For information only - not an official document
26 November 2013
Safeguarding major public events against corruption
PANAMA CITY/VIENNA, 26 November (UN Information Service) - Major public events involve complex logistical arrangements, years of planning and can span more than one nation. Examples of these events include: the FIFA World Cup, the Olympic Games, golf's Ryder Cup, cycling's Tour de France, as well as international political events such as the G20 Summits.
Success depends largely on the reputation and credibility of the organizer. Given the huge amounts of money involved, both in the organization of, and the income derived from major public events, any failure can have enormous political, financial and economic consequences for agencies, sponsors and countries.
But, the exceptional nature of these events increases the likelihood that regulations and procedures might be set aside or ignored. These problems are exacerbated by the shortness of time for the delivery of large scale infrastructure projects often leading to a lack of oversight and transparency in the allocation of public funds.
The facts about the size and scale of major public events
• When Canada hosted the 2010 G8 Summit, the host region received US$50 million in funding for projects to enhance the area, provide a lasting legacy, and help ensure a safe and secure summit (A Strategy for Safeguarding against Corruption at Major Public Events, United Nations Office on Drugs and Crime (UNODC), 2013).
• The International Olympic Committee IOC) is reputed to have earned around US$1.7 billion from the television rights for the 2008 Beijing Summer Olympics Games. (A Strategy for Safeguarding against Corruption at Major Public Events, UNODC, 2013).
• According to the Nielsen ratings body the London Olympics were the most watched event in TV history in the United States with 219.4 million Americans tuning into the games. (Nielsen.)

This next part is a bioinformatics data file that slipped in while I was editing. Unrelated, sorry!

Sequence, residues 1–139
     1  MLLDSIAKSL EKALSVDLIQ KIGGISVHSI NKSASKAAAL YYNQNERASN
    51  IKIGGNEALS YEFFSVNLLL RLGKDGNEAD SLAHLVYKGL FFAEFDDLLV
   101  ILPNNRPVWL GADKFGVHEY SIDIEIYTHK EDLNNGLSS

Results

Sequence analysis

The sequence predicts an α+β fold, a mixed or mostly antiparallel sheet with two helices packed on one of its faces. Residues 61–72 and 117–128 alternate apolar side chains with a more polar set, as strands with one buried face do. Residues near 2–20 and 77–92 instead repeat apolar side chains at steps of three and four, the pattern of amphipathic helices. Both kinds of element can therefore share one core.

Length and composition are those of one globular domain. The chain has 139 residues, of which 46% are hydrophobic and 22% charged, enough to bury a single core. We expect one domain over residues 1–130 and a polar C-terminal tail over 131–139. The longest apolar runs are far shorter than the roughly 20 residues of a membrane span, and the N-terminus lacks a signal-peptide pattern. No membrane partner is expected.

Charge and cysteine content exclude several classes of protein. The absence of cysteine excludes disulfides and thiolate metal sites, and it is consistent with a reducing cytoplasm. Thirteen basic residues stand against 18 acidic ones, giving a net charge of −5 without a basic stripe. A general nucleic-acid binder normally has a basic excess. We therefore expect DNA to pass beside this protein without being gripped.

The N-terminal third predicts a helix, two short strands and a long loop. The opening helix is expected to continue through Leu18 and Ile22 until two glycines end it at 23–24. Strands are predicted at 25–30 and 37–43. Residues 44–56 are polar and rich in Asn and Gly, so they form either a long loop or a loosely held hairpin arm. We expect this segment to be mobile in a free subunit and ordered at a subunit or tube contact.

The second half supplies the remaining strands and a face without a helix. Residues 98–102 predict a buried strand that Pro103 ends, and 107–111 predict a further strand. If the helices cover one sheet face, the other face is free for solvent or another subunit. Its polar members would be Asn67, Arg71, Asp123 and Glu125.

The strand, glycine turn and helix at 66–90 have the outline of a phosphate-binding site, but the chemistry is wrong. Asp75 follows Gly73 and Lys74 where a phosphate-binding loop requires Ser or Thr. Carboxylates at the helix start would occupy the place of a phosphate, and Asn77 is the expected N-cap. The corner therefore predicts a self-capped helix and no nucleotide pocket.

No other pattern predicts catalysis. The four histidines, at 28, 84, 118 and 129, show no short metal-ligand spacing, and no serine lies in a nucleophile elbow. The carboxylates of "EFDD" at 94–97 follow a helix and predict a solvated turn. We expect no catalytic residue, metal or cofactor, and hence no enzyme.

• The Rugby World Cup held in 2007 brought an additional 400,000 visitors to France in September/October 2007 creating an estimated economic impact of nearly US$5.5 billion at today's currency values (Rugby World Cup 2011 Factsheet, Economic Impact and Tourism, Rugby New Zealand, 2011.)
Identifying the challenges
• Hiring: the fact that major events usually require the recruitment, training and supervision of a large staff, directly or indirectly, is a source of vulnerability to corruption or bribery.
• Procurement: large-scale procurement and contracting activities involved in the organization of a major event can test the limits and efficiency of existing procurement systems and practices.
• Protecting whistle blowers: preventing reprisals against individuals who speak out is essential to ensure disclosure of suspicions of corrupt acts and, ultimately, to reinforce the integrity of an organization.
• Promoting awareness among sponsors: sponsorship is vulnerable to corruption. It is vital that sponsors are made aware of potential corruption and ways to prevent it.
Addressing the Challenges
• Before the June 2010 G8 and G20 Summits, Canada established the Summits Management Office to manage the organization, infrastructure, and logistics of all events.